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Old 10-04-2004, 05:44 PM
Jock
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Default Is it possible to Reverse-Engineer an FPGA Output file?

Is it possible to take the FPGA.hex file, for example and given that you
know the device, reverse-engineer it into either it's CLB map or back to
it's high-level HDL code?


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Old 10-04-2004, 07:10 PM
Austin Lesea
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Default Re: Is it possible to Reverse-Engineer an FPGA Output file?

Jock wrote:
> Is it possible to take the FPGA.hex file, for example and given that you
> know the device, reverse-engineer it into either it's CLB map or back to
> it's high-level HDL code?
>
>


Austin replies:

In a word, yes.

Given that with the FPGA_Editor tool you can create test designs (a
single input through a LUT to a single output), you can eventually map
every bit to its corresponding function. The question here is time.

Once you have a hardware FPGA_Editor view of the design, you still do
not have the HDL representation.

The HDL is similar to a high level programming language like c++, but it
is dissimilar in that synthesis tools perform logic optimization. The
original HDL to the bitstream is a 'many to one' mapping. Many
different HDL designs could result in an identical bitstream.

So one can then examine the FPGA_Editor 'schematic' and reverse engineer
a HDL representation. One then verifies the HDL by synthesizing it, and
seeing how it matches the FPGA_Editor view.

Since there is no security in obscurity, the bistream in unencrypted
form is not considered secure. If someone wants to reverse engineer the
design, it might now be possible to do it without expending a lot of
time and money. If the obective is to clone the design without
analyzing it, or performing only enough analysis to change one or two
parameters (ie the clock divisor in the DCM) is quite simple.

But to steal the IP for a core, so you could implement it in an ASIC,
would be a difficult task to be sure. Do-able, but pretty tough. Might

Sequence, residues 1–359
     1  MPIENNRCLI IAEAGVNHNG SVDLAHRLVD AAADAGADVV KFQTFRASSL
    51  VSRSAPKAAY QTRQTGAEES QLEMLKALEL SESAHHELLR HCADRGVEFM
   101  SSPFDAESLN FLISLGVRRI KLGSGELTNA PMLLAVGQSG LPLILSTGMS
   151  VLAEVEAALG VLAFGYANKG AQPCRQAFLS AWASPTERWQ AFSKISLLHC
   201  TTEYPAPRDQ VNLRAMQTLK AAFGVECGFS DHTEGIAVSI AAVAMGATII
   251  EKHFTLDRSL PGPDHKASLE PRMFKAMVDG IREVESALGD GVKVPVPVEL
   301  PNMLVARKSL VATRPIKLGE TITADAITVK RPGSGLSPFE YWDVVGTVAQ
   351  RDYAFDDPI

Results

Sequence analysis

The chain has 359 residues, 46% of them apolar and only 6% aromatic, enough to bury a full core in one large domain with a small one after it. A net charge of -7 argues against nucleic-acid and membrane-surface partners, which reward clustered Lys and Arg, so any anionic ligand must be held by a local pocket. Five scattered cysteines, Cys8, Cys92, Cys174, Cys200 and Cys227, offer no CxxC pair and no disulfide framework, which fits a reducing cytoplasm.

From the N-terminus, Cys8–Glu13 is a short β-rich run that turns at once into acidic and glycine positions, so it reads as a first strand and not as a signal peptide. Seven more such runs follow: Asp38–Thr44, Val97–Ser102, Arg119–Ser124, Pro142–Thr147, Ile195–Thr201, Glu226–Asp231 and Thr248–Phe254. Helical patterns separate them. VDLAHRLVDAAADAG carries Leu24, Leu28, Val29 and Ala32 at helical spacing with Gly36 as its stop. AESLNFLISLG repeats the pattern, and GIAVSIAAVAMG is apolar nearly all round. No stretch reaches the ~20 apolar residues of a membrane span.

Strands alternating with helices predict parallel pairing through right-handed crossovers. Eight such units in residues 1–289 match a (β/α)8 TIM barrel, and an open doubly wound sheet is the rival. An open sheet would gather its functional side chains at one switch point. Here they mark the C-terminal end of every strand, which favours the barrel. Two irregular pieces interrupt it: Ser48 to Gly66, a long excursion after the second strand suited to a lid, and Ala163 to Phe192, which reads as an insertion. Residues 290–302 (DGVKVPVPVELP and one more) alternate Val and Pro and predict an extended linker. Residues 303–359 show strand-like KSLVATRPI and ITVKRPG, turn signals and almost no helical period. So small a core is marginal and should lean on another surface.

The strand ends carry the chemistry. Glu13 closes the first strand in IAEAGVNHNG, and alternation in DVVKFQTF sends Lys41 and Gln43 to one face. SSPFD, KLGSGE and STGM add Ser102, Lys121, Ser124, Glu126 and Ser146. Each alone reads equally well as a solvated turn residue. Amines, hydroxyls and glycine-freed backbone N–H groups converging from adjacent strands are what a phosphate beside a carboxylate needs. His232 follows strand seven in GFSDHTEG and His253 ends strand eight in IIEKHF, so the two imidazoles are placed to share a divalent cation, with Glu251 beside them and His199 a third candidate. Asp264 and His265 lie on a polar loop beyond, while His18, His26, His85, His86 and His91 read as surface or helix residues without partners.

be easier to just re-engineer the core and use the FPGA version to
verify it. That, at least, is legal.

It is almost certainly true that the reverse engineered HDL would not
look at all like the original source code, so copyright on the source
would be unenforceable. Copyright on the bitstream (or in China, a
mask), would be an enforceable way to take legal action against a clone.
Legal action is the last and worst remedy, so I suggest using
encryption if the IP is worth protecting.

There are a number of companies out there, who do reverse engineering
for a living. Sometimes it is for legal reasons (to see if a competitor
is infringing on a patent), and sometimes it is done because a company
loses its original design, and has to continue maintaining it. These
companies do not reverse engineer a design for illegal purposes
(otherwise they might be held liable in a lawsuit).

I would very much like to be able to apply a cost to reverse engineering
a FPGA, however, no one is willing to step up and state how much time
(or money) it took to reverse engineer a particular design. I can only
speculate.

Others on this board have proposed that there are better and faster
methods to get the design which I will refer to as 'social engineering'.

Austin
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Old 10-05-2004, 03:43 AM
Antti Lukats
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Default Re: Is it possible to Reverse-Engineer an FPGA Output file?

"Jock" <[email protected]> wrote in message
news:[email protected]
> Is it possible to take the FPGA.hex file, for example and given that you
> know the device, reverse-engineer it into either it's CLB map or back to
> it's high-level HDL code?


everything is possible if there is a commercial gain from doing it.
usually there isnt.

antti


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